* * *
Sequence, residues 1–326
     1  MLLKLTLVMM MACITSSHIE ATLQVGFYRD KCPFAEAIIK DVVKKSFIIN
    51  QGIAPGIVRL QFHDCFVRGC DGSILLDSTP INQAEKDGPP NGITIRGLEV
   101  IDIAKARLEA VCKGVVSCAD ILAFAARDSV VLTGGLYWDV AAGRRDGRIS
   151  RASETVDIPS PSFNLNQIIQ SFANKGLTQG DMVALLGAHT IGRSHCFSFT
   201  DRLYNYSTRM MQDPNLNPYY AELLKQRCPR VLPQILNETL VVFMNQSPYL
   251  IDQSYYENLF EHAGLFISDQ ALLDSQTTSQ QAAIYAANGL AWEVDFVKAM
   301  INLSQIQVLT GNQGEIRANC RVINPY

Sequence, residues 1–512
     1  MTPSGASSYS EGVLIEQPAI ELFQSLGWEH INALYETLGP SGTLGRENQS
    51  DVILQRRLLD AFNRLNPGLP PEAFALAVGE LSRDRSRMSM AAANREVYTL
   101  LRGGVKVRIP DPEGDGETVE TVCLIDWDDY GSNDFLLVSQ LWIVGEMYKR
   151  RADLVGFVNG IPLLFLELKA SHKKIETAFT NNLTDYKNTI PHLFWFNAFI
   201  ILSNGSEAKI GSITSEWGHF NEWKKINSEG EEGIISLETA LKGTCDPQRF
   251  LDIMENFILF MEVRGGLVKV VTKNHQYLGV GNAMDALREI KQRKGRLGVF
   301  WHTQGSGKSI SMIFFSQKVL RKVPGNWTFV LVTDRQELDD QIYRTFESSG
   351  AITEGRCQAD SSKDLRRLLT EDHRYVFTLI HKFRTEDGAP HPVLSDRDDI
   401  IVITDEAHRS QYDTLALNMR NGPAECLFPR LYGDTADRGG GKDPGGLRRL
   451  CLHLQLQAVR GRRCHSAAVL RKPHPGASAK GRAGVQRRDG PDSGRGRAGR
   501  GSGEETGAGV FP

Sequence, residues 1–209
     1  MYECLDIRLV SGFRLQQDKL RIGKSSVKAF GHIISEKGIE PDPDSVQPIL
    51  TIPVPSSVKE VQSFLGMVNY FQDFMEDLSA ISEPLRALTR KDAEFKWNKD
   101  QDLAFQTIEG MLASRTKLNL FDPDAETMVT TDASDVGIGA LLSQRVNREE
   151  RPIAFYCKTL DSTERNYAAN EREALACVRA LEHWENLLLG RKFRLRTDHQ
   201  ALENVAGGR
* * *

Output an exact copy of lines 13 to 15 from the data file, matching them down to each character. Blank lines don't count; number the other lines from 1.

   151  RADLVGFVNG IPLLFLELKA SHKKIETAFT NNLTDYKNTI PHLFWFNAFI
   201  ILSNGSEAKI GSITSEWGHF NEWKKINSEG EEGIISLETA LKGTCDPQRF
   251  LDIMENFILF MEVRGGLVKV VTKNHQYLGV GNAMDALREI KQRKGRLGVF